Sustainability was always part of the plan. “Architects need to be more conscious about how we respect our environment,” emphasizes Poon, who is LEED-accredited by the U.S. Green Building Council.“We need to be advocates for the future and to be able to sustain our environment as it is. It’s not just about using solar panels and recycled material. It’s how you think of the world as a community and working together to have a successful future.” At Bodhi Path, “the first part of sustainability was how we placed the buildings, keeping the footprint small so they don’t take over the landscape, block the views, or require chopping down too many trees.”
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Poon’s next project was the Buddha Pavilion, an open-air temple housing a large bronze Buddha. There, sustainability meant using local materials and volunteer labor. “We wanted to involve all the members of the community,” he says. Guided by skilled artisans, sangha members hand-built the structure using heavy-timber construction, an ancient, labor-intensive method of wood framing that involves no modern tools, relying on traditional joinery techniques like mortise and tenon. It took several dozen people working together to carve each of the ninety or so timber beams. Poon also designed a small support building 50 feet from the temple for restrooms, pumps, and other equipment.
Shamar Rinpoche dedicated the Buddha Pavilion in 2013. A year later, as construction was nearing completion, he died unexpectedly at age 61. Poon was chosen to design a reliquary building. One of just three structures in the world entrusted with the Shamarpa’s relics and the only one in America, the reliquary is down the hill from the Buddha Pavilion. The 20-by-30-foot glass box, surmounted by a copper roof—a traditional element of Tibetan architecture—is theatrically lit to showcase the 6-foot gold-leafed stupa containing the relics. Unlike Poon’s more rustic designs for the center, the pavilion called for state-of-the-art infrastructure, including climate-control measures like double glazing and a 5-foot overhang on the roof, to ensure preservation of the Shamarpa’s relics in perpetuity.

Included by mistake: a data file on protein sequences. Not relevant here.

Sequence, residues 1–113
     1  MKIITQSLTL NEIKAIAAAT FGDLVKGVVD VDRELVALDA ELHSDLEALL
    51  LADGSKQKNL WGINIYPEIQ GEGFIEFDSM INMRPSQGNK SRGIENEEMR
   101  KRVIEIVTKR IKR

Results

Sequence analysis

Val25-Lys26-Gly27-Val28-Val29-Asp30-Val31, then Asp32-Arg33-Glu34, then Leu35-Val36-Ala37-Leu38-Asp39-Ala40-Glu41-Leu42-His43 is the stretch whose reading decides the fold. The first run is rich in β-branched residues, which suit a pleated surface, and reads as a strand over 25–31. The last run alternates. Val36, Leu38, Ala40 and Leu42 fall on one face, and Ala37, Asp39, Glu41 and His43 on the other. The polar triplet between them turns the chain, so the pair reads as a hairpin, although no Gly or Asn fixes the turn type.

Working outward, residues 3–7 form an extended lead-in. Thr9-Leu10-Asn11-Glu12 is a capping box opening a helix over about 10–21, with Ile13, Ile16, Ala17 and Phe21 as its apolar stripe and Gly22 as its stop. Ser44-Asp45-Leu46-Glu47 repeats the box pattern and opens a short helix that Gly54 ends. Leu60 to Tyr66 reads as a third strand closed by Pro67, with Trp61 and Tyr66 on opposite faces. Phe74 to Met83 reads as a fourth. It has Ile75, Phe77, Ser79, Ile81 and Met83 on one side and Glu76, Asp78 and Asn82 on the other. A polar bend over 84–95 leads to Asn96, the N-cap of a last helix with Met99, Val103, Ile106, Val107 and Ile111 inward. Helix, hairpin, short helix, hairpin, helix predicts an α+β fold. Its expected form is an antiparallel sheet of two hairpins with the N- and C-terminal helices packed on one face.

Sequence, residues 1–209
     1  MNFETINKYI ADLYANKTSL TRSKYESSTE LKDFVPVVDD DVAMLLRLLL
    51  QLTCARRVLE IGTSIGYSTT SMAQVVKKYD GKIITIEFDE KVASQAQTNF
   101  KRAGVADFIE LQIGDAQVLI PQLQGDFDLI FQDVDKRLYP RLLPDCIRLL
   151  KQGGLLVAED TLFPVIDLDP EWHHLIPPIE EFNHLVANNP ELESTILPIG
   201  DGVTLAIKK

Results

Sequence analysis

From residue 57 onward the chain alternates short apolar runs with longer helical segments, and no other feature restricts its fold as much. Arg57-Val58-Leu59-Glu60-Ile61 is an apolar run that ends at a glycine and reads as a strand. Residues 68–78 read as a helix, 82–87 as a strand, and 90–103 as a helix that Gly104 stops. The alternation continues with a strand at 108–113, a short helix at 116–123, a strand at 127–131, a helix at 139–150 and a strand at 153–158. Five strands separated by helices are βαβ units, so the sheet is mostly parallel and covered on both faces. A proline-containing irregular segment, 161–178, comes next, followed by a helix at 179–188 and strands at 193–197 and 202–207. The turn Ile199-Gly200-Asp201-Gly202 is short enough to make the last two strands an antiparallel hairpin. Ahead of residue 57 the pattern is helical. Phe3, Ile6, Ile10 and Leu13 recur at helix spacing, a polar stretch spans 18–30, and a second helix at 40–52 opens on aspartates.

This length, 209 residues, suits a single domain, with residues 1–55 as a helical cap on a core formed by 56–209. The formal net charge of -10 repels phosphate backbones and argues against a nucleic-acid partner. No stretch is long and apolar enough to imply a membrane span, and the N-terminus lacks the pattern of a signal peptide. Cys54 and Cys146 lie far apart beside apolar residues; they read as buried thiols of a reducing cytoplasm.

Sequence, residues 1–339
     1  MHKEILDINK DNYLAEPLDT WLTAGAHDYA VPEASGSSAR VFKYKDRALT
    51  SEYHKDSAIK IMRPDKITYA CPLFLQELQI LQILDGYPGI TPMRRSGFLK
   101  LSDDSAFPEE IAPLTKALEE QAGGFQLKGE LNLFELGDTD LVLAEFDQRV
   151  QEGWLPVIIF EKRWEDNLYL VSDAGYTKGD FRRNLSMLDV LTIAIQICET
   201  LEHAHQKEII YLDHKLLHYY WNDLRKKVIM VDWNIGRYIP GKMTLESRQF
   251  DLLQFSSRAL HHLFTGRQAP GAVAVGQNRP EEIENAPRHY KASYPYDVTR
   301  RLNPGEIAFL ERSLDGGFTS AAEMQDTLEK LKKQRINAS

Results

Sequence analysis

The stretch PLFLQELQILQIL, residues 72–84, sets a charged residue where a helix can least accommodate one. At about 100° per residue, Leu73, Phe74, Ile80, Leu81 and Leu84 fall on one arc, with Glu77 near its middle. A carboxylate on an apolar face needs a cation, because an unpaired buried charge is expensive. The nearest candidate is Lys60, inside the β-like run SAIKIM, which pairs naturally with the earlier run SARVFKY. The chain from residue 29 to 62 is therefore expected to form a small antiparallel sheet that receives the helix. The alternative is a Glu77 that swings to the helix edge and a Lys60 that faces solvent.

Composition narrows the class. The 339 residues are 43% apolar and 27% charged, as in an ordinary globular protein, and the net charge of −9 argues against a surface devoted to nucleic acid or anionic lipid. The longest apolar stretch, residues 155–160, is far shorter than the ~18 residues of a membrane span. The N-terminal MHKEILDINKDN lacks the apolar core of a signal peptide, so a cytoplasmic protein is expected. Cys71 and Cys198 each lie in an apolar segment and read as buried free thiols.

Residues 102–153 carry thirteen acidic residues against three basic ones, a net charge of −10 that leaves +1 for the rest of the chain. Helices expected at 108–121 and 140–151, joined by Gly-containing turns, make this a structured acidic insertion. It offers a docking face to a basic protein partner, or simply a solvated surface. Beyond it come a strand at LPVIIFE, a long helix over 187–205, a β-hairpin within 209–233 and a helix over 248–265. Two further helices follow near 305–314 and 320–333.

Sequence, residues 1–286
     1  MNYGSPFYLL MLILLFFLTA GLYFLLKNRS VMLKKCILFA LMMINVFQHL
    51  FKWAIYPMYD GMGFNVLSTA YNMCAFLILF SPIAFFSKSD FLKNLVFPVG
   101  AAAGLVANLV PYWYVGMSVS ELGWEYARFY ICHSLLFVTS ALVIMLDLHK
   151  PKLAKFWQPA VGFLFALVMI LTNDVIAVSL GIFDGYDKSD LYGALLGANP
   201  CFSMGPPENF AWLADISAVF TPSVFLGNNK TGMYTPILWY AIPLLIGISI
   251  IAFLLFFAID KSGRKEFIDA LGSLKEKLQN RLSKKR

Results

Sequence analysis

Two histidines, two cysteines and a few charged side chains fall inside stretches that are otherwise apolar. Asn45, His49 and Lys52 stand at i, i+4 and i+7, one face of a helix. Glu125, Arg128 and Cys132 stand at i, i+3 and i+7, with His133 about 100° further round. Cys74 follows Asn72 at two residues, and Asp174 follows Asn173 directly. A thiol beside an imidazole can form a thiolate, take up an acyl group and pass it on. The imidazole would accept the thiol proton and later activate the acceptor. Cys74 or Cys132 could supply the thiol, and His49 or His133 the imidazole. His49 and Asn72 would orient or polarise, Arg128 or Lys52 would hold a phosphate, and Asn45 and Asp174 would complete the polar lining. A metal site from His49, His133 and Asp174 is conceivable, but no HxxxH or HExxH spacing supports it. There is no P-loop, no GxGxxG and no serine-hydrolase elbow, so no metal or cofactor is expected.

Sangha members built the structure using an ancient, labor-intensive method that involves no modern tools.
Poon’s most recent design for Bodhi Path is a two-story multipurpose dining commons/community building with large windows framing the spectacular mountain views. Poon calls the airy space “the family room of the campus.” Construction is slated to begin this year or next, once fundraising has reached its goal.
Poon visits the retreat center several times a year to discuss plans for future development and participate in meditation retreats. His initial curiosity about Buddhism evolved into interest in the teachings and practices through his bond with Shamar Rinpoche, then segued into commitment when Poon formally took refuge with Karma Thinlay Rinpoche. One sangha member sums up the progression: “Anthony started coming regularly to our programs first as an architect, then as a student, then as a Buddhist.” With characteristic modesty, Poon insists, “I consider myself a beginner and just starting the path.”
In his designs for Bodhi Path, Poon has very consciously avoided the kind of grandstanding that big-name architects often indulge in. “For these projects it’s about listening to the community, not me going there and presenting ambitious visions I whipped up in a vacuum.” He continually thinks how best to reflect the Shamarpa’s vision: contemporary, future-oriented, yet authentically Buddhist.“We want to do buildings that are beautiful,” Poon says, “but we also understand that they are a backdrop for something much more important, which is the practice of Buddhism.”